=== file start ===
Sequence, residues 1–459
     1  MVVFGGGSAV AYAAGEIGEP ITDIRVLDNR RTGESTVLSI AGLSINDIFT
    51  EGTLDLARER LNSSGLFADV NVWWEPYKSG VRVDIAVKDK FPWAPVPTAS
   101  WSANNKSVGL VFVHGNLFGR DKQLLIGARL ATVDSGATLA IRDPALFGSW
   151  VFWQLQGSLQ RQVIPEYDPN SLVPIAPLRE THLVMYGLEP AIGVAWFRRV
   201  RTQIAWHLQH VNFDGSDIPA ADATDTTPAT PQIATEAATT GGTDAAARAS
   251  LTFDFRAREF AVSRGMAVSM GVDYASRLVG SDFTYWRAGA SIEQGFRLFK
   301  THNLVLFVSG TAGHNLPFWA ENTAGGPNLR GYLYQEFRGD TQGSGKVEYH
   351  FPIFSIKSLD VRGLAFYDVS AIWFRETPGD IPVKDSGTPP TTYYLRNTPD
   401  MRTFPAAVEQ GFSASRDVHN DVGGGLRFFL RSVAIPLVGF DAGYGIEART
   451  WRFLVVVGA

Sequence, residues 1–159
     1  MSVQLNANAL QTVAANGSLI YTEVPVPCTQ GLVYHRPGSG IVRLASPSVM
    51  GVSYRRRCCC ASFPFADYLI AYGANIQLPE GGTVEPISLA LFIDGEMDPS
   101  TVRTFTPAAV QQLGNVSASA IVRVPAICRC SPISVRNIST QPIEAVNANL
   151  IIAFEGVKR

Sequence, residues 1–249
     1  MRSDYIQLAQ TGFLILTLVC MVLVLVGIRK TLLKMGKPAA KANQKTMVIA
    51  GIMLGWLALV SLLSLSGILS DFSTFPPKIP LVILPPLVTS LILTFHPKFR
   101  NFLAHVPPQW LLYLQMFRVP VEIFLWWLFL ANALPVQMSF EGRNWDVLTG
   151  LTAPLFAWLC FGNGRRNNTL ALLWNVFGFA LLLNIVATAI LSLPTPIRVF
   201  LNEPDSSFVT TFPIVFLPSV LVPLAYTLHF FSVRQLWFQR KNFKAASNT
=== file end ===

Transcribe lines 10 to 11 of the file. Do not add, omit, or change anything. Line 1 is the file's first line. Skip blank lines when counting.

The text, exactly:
   401  MRTFPAAVEQ GFSASRDVHN DVGGGLRFFL RSVAIPLVGF DAGYGIEART
   451  WRFLVVVGA